Ennui from outer space!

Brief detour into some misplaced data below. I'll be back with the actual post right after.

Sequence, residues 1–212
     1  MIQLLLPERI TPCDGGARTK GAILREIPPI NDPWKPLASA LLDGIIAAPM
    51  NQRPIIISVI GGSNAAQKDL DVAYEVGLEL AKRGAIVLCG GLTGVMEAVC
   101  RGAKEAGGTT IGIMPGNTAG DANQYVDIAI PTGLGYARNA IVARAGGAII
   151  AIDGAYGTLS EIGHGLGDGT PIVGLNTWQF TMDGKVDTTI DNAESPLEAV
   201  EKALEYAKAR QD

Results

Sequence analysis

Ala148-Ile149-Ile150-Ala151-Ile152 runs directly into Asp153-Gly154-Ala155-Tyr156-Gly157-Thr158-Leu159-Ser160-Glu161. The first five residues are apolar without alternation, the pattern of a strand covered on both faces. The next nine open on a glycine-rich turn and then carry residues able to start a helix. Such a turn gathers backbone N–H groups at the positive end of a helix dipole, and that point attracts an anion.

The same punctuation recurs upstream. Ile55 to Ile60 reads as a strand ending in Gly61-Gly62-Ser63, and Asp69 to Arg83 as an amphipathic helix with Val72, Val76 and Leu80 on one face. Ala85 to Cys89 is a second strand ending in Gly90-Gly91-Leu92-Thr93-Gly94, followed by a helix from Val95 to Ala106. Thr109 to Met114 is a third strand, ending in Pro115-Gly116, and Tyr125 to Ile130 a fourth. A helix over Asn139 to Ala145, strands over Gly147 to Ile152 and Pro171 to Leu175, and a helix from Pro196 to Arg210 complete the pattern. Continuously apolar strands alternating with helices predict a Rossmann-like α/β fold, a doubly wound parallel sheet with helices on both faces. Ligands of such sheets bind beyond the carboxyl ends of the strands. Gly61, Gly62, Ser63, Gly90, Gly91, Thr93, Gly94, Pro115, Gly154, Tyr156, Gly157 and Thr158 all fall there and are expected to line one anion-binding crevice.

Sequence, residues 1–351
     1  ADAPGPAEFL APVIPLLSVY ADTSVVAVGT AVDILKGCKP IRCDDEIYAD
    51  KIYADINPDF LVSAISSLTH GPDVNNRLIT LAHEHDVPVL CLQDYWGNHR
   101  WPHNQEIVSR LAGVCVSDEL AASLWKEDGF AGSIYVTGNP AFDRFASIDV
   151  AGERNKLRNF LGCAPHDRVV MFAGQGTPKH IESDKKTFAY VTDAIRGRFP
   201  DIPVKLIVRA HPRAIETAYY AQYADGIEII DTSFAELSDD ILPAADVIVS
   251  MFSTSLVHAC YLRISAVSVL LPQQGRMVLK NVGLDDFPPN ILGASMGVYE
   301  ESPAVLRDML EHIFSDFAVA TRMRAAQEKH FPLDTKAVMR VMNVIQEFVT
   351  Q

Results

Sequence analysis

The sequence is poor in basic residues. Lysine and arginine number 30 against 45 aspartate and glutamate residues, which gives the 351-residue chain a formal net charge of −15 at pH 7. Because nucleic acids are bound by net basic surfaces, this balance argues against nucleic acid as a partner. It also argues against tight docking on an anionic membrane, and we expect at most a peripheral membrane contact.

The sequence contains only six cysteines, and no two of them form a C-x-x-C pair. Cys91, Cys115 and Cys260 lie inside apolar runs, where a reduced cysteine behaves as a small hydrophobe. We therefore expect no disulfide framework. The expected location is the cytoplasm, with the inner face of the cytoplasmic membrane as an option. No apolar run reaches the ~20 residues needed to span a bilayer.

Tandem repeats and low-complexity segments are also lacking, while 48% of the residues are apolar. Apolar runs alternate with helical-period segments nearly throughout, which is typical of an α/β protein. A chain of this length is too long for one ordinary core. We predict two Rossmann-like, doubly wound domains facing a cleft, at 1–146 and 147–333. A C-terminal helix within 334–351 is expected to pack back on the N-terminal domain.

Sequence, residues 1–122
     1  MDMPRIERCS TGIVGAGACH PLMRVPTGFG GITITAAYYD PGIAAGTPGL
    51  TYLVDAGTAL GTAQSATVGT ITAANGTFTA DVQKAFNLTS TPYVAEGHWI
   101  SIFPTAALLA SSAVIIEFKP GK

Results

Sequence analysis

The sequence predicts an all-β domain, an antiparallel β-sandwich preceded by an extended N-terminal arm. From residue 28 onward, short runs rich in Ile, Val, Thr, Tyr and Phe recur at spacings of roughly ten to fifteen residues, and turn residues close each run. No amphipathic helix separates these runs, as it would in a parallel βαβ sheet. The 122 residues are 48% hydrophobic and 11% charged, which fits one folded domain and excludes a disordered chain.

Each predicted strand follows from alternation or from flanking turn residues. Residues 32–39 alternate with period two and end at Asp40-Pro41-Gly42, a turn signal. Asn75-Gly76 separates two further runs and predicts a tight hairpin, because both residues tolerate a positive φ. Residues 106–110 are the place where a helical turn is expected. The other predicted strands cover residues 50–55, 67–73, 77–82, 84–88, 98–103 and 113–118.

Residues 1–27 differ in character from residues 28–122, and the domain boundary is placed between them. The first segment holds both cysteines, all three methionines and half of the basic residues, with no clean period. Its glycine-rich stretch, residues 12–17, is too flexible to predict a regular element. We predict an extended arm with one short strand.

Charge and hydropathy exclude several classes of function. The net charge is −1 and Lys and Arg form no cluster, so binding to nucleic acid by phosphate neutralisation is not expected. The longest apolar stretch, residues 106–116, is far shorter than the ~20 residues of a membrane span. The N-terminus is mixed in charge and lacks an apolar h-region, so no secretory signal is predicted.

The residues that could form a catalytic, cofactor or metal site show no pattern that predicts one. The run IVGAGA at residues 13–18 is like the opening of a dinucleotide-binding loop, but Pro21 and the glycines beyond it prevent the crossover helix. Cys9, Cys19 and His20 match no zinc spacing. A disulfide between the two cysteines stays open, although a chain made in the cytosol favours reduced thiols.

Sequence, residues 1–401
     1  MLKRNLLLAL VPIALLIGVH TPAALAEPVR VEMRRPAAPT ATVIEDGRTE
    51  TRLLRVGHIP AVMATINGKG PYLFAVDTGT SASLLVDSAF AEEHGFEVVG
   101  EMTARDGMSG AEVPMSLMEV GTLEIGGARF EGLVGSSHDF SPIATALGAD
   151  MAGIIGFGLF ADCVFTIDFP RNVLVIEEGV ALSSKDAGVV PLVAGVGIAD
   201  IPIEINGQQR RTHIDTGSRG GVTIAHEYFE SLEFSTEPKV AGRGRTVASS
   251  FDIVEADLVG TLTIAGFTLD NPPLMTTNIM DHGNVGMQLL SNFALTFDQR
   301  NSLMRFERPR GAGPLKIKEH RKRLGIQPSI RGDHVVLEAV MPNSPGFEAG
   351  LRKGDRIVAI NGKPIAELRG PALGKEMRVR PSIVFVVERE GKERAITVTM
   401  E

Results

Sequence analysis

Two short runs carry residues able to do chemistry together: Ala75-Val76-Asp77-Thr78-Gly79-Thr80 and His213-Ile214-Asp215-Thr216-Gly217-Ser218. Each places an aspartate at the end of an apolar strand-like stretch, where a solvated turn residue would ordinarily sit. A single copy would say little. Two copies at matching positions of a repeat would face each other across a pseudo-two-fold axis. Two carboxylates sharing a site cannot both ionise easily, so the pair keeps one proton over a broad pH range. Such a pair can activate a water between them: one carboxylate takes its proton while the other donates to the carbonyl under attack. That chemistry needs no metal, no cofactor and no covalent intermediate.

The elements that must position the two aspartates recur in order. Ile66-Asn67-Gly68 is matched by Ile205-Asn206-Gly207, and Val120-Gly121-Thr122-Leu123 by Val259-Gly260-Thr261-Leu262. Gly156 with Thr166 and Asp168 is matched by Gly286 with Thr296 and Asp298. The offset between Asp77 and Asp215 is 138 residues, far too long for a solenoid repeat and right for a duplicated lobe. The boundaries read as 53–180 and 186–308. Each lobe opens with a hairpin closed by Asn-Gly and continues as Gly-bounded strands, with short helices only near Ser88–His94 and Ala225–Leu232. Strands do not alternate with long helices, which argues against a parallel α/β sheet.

Aliens from outer space tend to come to our world for two reasons: to blow up our planet, or to save our souls. In “The Day The Earth Stood Still,” they want to do both … kinda. It gets complicated. A remake of its 1951 inception, the film begins much like the original, with a massive UFO landing smack in the middle of Central Park. The UFO is piloted by Klaatu (Keanu Reeves), an extraterrestrial ambassador who wears a human body to survive on earth – sort of an organic space suit that looks exactly like Reeves. Klaatu attempts to introduce himself, but less than two steps outside his ship, he’s shot by snipers and dragged to an undisclosed location for scientific testing. The military wants to glass-case Klaatu indefinitely – only concerned astrobiologist/single mom Jennifer Connelly senses that there might be more to their alien than meets the eye.Aliens once again prove to be nifty; Klaatu escapes and reveals his true mission, determining whether humanity is worthy of existence. If not, we’ll have to face a giant, indestructible android with a death-ray stare named Gort. Gort is not friendly. The film does an effective job of capturing the paranoia and sense of foreboding in the original. The special effects are also quite good, and there are some great sequences involving the descending UFO over Manhattan, with shafts of blinding white light pulsing through the skyscrapers. Once Klaatu judges mankind however, the story limps from dull drama to dull set piece. With all of humanity slated for execution, the stakes in “The Day The Earth Stood Still” couldn’t be higher. Ultimately, it’s just hard to give a damn about humanity. The characters are flat-out boring, often featuring personalities shaped entirely by occupation – like the Tough Soldier and the Government Stooge. The acting is wooden, almost across the board. Reeves blinks and stares his way through the film, while Jennifer Connelly just looks embarrassed and Kathy Bates performs with as muchenergy and enthusiasm as your average cinderblock. “The Day The Earth Stood Still” debates whether human beings are good or evil – but in the end, it seems to be saying that we’re just really, really bland. I don’t know if being criminally mediocre deserves getting your planet blown up, but if “The Day The Earth Stood Still” is anything to go by, it could be worth looking into. “The Day the Earth Stood Still” Directed by Scott Derrickson 3 Arts Entertainment Rated: PG-13 Directing 2/5 Special effects 3/5 Acting 2/5 Angry giant robots: 5/5